And the little white house, off of Sangamon Avenue in Springfield, Illinois, is where my Grandma Tess was born and my Great Aunt Mary lived until she was well into her seventies. Two adults, eight children, and who knows how many pets made their home in this wee two bedroom one bath. By some great stroke of luck, the current owner was sweeping the porch when we pulled up, and I asked him if we could go inside. He kindly obliged, and we spent the better part of the next hour sharing stories. Sadly for me, but great for the house, it is under renovation, with plastic and tarps obscuring the majority of the space. Thankfully, there was enough exposed to get a feel for it and my Grandma’s spirit in it, to see relatives I’ve only known in pictures puttering about, gazing out the window while washing a dish. Part of me is there now, too.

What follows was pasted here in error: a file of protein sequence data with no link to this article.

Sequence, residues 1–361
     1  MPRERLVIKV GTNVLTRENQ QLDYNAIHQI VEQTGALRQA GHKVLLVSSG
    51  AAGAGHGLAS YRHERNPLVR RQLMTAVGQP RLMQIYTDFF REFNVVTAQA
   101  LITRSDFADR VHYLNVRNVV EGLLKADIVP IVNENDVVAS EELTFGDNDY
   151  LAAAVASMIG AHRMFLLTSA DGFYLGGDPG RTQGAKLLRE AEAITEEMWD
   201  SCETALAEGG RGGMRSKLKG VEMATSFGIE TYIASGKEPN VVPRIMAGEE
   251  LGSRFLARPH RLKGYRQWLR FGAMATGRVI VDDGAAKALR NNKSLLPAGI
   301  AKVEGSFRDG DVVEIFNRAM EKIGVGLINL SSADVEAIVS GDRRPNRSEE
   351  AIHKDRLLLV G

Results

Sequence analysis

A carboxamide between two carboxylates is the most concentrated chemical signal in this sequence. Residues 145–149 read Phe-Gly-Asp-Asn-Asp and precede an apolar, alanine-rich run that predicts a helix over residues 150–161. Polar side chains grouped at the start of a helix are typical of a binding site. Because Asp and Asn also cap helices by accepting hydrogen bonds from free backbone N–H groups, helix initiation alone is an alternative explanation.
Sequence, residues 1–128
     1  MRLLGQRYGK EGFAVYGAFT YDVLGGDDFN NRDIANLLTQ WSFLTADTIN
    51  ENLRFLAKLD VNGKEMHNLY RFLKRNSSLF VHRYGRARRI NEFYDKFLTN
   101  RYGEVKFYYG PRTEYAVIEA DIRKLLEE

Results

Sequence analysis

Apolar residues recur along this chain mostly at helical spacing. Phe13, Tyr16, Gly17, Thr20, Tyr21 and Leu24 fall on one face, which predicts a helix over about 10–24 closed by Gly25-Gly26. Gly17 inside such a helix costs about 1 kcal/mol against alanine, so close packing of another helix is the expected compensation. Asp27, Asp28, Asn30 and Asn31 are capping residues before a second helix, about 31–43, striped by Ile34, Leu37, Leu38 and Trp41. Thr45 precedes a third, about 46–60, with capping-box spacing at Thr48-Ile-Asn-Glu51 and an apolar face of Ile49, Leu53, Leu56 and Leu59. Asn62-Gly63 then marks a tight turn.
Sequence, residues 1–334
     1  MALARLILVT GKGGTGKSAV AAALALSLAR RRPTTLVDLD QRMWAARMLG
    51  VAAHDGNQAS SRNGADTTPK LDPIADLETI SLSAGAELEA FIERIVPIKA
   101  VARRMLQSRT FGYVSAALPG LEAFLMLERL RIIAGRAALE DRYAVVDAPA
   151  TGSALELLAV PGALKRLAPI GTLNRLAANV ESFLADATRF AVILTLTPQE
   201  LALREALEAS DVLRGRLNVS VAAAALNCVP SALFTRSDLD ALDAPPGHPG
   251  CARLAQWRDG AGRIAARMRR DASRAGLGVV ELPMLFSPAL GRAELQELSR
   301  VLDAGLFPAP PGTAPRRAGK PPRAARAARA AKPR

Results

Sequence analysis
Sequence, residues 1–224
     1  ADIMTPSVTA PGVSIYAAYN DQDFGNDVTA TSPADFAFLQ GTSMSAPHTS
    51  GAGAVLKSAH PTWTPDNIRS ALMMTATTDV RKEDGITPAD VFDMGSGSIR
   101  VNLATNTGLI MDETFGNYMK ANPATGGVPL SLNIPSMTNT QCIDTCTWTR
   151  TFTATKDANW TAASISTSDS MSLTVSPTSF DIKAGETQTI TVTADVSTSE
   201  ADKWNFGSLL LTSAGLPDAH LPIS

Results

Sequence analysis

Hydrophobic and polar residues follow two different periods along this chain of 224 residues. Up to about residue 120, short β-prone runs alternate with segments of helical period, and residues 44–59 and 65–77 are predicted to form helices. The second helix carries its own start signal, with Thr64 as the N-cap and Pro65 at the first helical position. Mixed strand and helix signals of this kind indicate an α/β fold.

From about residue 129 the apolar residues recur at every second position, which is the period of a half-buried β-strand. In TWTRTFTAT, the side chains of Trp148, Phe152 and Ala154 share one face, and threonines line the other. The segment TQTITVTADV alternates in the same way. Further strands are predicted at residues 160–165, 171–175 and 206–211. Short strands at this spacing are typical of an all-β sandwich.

And Lincoln! It’s turned out to be quite a year for Colleen, Greg, and good ole Abraham. Gettysburg and Springfield – the train station from which he made many journeys and his final return, his law office, the old state capitol building where he worked, just one of many bronze monuments. And his crypt, which, wow, and hmmm, what to say? Evocative. If you have never been, go. Just go.

It was a sleepy New Year’s Eve, with us full up on sentimentality and hypnotized by a murmuration swirling about the capitol dome (that bit that looks like a smudge). The beat of wings the only sound we heard.